Rather off topic.
I pay more than the going rate because you get much better quality work, increased loyalty, increased productivity and less sickness. Employers with any sense know this.
I haven't studied the comparison between Aussie and US wages in general. The big difference is that Australia has a minimum wage, below which employers can't pay. It's currently $16.37 per hour for adults. That means you don't get the situation you have in America, where low-paid workers can be living below the poverty line even though they're working full-time.
From my brief visits to the US, the cost of living definitely seems cheaper there, though of course as a tourist I didn't experience everything.
$16.37, yes. Unless you are under 21 (we consider 18 to be an adult). 18 year old's can be paid just $11.18
Or an apprentice, whereupon the minimum is $10.49. I was an apprentice at 46 years old with a wife and 2 children to support.
Or if you have a disability, whereupon it is based on the amount of disability; theoretically it could go to near zero.
I get the feeling you're being defensive, Wilderness, and I don't understand why. I am making NO comparisons between the general standard of living in the US and Australia. As you and others rightly point out, trying to compare living standards in two countries is a very complex matter.
What I'm saying is that for me, the gap between potential income online and potential income in the real world is so big that it's a no-brainer - I can earn more for less hours in the real world, even in an unskilled job. Until recently, I assumed the same situation would apply in the US and the UK. It was only when I saw the documentary that I realized there's no minimum wage in the US so unskilled jobs pay only a few dollars an hour - which means that working online becomes a viable alternative if you're not prepared, or able, to work in a better paid profession.
That was why I said I felt lucky. I'm at a point in my life where I don't want to stay in the corporate rat race, but I can't afford not to work at all. Thanks to the minimum wage, I can work at a less stressful, less skilled job and still get paid a livable amount. Whereas if I want to earn that kind of money online, I'd have to work much longer hours.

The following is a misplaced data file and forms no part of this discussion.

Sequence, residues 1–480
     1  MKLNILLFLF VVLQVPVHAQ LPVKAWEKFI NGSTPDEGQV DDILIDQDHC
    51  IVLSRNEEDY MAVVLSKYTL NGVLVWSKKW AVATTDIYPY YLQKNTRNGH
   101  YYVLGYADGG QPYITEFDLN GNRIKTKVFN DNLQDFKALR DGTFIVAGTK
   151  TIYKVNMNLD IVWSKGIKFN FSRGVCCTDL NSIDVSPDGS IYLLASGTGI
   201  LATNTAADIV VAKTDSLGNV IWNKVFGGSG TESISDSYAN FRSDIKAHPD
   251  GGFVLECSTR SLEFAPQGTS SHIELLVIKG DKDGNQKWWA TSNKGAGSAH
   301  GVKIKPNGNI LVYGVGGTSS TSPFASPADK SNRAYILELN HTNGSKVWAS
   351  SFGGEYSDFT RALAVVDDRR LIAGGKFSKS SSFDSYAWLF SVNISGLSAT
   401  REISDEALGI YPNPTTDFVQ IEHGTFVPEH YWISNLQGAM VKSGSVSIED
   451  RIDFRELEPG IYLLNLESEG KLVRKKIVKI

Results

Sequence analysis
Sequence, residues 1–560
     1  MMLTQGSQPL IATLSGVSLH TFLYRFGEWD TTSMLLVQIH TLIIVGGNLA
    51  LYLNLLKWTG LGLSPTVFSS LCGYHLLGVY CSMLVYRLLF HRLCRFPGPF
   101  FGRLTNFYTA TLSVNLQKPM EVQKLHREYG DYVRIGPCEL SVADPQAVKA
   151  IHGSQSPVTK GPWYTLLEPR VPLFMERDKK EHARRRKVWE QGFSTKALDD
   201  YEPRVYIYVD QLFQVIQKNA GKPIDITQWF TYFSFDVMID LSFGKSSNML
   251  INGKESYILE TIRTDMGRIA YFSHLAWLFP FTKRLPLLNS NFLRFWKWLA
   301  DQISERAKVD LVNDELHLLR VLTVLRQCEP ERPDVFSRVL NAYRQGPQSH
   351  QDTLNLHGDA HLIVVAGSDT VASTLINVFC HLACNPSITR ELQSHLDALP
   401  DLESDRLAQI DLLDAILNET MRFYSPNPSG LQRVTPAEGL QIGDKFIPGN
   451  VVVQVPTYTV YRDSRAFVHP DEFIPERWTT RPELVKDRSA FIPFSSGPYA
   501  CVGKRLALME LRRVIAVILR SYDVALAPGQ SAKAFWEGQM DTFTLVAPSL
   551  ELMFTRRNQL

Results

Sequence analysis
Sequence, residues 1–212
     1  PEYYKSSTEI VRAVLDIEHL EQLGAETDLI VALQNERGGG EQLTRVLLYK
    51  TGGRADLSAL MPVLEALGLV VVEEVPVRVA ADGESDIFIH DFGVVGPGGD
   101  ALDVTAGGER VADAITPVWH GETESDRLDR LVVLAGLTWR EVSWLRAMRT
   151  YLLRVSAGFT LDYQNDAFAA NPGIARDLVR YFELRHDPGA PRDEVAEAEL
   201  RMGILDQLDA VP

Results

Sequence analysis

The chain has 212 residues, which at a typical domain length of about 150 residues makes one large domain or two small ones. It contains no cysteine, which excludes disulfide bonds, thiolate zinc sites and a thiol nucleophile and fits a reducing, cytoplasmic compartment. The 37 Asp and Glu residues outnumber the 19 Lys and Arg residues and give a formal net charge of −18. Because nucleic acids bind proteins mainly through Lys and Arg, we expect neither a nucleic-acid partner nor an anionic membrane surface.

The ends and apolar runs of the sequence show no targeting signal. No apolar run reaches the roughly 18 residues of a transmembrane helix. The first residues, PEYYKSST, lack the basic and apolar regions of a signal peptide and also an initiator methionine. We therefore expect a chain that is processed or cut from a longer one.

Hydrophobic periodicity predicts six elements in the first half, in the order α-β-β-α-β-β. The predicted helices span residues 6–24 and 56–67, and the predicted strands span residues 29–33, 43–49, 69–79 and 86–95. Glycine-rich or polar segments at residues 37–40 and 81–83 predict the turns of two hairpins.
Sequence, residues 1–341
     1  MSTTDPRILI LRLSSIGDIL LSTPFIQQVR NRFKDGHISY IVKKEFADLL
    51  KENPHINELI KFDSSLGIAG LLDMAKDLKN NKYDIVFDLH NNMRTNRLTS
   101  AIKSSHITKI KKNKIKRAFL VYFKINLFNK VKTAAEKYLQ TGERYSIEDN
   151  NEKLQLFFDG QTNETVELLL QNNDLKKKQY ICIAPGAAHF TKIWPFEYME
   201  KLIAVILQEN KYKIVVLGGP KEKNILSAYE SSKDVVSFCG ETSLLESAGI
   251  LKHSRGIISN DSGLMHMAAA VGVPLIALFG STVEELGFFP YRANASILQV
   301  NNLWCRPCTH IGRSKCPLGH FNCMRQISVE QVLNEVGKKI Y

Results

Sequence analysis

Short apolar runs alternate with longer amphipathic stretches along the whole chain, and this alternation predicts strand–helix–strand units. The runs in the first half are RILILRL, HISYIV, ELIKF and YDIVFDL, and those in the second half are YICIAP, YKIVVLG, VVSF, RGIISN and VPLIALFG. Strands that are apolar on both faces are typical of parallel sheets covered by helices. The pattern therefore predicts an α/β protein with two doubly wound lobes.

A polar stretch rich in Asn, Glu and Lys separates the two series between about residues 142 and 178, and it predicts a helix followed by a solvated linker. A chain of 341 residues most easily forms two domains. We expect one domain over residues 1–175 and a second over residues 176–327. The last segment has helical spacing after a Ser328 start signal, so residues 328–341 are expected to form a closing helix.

The US does have a minimum wage and each state also has minimum wage laws:
http://en.wikipedia.org/wiki/Minimum_wa … ted_States
I stand corrected, however looking at that list, the minimum wage in all states is far less than the minimum wage in Oz.
For a more accurate comparison, look at the average wage statistics.
http://www.abs.gov.au/ausstats/abs@.nsf … enDocument
http://en.wikipedia.org/wiki/Personal_i … ted_States
It's also important to look at cost of living expenses:
http://www.news.com.au/national/how-wou … 6196606062
http://www.numbeo.com/cost-of-living/co … ted+States
WF,if you read my post, I have a total lack of interest in comparing living standards between the US and Australia. All I'm posting about is how it affects me personally.
In that context, the comparison is simple. I can work full-time online and about the best I've ever been able to achieve is $2,000 a month. Or I can work full-time in the real world, and even at minimum wage, I can earn over $3,000 a month including benefits - and get paid for holidays and sick days.
I'm just saying I feel lucky because that would not be the case in the US, where the minimum wage is around half that. It also helps me understand why writing online is a viable choice in the US, because the comparison between online potential income and real-world potential income is more attractive.
I add an Amazon ad for gopher traps on my gopher hub. Now I'm getting buried in Amazon ads for gopher traps on Bubblews.
I know. Being stalked like this is old news. Still funny though.
As a side note, any Amazon ad that doesn't show promise within 30 days gets exterminated. It's just the kind of guy I am.
I started this thread with the intention of helping newbies or those unaccustomed to the delights of Amazon sales, not for certain hubbers to act as if they know the secrets to eternal everlasting affiliate practices.
To newbies, trust Marisa, she knows what she is talking about.